How do roots grow?

By The Old House Web

How do roots grow?

Roots are opportunistic -- they do not grow in any particular direction. Root growth flourishes in soils that supply adequate oxygen, water, nutrients, support and warmth. Roots will not grow in soil that lacks adequate oxygen or is hard and compacted. A healthy root system is essential for optimum top growth.

Tree roots are distributed under and out from the plant canopy. They can extend a distance of 4 to 7 times the projected area of the canopy. The root zone is irregularly shaped and can have a diameter 1 to 2 times the height of the tree. The fine, non-woody roots grow upward toward the soil surface. These small roots branch and their many root tips form the primary water and nutrient absorptive tissue of the tree or shrub. Where many trees and shrubs are growing close together, the roots are intermingled within the same soil. The large, woody roots are usually in the top foot of soil but can extend to a depth of 7 feet, if soil aeration is adequate.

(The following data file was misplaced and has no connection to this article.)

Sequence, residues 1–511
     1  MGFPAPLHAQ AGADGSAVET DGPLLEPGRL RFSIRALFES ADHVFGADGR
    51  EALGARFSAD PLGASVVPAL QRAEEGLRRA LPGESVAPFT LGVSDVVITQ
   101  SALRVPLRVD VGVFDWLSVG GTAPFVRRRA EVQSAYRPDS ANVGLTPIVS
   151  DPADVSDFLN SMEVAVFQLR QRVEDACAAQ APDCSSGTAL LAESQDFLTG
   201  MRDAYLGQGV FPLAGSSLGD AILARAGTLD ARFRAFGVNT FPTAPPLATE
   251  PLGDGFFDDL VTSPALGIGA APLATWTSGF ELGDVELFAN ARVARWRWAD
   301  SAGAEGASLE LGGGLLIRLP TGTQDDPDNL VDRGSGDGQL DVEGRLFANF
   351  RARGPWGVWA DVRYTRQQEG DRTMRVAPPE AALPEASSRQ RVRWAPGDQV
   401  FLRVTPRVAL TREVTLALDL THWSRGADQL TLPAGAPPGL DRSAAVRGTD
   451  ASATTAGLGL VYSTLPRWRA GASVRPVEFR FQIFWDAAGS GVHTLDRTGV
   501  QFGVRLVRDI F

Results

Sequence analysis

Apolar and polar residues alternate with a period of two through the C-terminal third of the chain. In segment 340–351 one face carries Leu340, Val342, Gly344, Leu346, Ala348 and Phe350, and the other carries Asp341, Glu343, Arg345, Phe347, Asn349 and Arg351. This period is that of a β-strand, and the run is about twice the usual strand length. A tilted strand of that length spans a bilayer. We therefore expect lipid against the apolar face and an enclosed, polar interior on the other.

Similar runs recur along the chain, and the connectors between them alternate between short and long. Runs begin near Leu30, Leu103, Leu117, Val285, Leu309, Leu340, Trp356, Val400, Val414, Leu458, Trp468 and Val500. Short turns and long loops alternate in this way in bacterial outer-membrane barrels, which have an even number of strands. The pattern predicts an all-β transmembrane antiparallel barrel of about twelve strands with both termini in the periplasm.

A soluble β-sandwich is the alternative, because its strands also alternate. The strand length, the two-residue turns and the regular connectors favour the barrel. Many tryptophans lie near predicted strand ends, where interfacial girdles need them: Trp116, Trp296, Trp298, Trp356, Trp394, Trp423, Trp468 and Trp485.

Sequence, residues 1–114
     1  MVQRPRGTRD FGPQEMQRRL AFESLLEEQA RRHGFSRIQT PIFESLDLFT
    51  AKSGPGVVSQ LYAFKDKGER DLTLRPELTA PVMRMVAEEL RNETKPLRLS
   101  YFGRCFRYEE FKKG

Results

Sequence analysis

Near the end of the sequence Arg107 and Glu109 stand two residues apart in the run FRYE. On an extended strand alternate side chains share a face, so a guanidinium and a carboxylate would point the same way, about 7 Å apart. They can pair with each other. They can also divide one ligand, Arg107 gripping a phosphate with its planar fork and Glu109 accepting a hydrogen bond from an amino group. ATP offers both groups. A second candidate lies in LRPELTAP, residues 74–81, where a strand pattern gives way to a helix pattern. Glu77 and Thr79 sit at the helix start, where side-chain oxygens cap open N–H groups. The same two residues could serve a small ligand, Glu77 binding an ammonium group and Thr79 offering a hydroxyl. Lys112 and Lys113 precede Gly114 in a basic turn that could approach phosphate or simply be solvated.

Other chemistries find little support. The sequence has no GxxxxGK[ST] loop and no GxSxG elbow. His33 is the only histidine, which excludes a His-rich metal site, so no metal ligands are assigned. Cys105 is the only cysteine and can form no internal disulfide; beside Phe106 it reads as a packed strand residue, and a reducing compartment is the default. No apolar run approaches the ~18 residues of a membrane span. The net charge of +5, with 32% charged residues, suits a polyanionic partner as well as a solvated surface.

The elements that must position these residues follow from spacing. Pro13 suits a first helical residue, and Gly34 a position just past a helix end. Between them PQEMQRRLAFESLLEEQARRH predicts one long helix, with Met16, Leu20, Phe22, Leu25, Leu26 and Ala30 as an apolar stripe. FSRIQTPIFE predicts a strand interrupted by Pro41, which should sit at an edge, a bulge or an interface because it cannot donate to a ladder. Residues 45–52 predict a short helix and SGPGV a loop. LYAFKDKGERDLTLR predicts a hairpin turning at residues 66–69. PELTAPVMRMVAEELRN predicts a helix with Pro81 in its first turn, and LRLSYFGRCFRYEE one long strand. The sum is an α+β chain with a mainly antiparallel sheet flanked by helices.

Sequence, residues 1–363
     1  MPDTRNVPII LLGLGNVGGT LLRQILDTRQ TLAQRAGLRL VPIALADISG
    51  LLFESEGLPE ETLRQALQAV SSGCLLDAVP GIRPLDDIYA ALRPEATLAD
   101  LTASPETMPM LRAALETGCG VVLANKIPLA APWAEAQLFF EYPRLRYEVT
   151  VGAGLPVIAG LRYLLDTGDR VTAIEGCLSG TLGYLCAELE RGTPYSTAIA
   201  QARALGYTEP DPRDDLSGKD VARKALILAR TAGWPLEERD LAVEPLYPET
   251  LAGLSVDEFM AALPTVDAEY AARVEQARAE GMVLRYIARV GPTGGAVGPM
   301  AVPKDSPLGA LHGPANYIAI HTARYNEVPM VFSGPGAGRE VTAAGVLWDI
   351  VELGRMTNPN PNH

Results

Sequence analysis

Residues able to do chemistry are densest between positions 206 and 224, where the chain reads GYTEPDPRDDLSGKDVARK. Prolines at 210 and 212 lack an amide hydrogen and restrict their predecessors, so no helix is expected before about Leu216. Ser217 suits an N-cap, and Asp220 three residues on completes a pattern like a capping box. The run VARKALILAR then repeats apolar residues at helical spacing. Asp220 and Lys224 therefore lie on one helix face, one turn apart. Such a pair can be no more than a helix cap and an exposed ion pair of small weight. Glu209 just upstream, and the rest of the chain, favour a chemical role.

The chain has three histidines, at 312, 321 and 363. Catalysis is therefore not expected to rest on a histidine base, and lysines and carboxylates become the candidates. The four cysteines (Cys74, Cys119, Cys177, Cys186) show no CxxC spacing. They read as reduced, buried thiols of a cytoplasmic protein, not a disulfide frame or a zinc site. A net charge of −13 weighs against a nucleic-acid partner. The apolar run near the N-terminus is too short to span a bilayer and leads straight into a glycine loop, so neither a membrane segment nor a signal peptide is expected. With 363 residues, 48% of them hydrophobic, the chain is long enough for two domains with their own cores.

What are root functions?

Fine feeder roots absorb water and nutrients that are essential to food production by the leaves. The return of the food to the roots is essential for continued root development. The large, woody roots anchor the plant and conduct water and nutrients from the fine feeder roots to the stem. The conductive tissue of roots and stems is similar in form and function.

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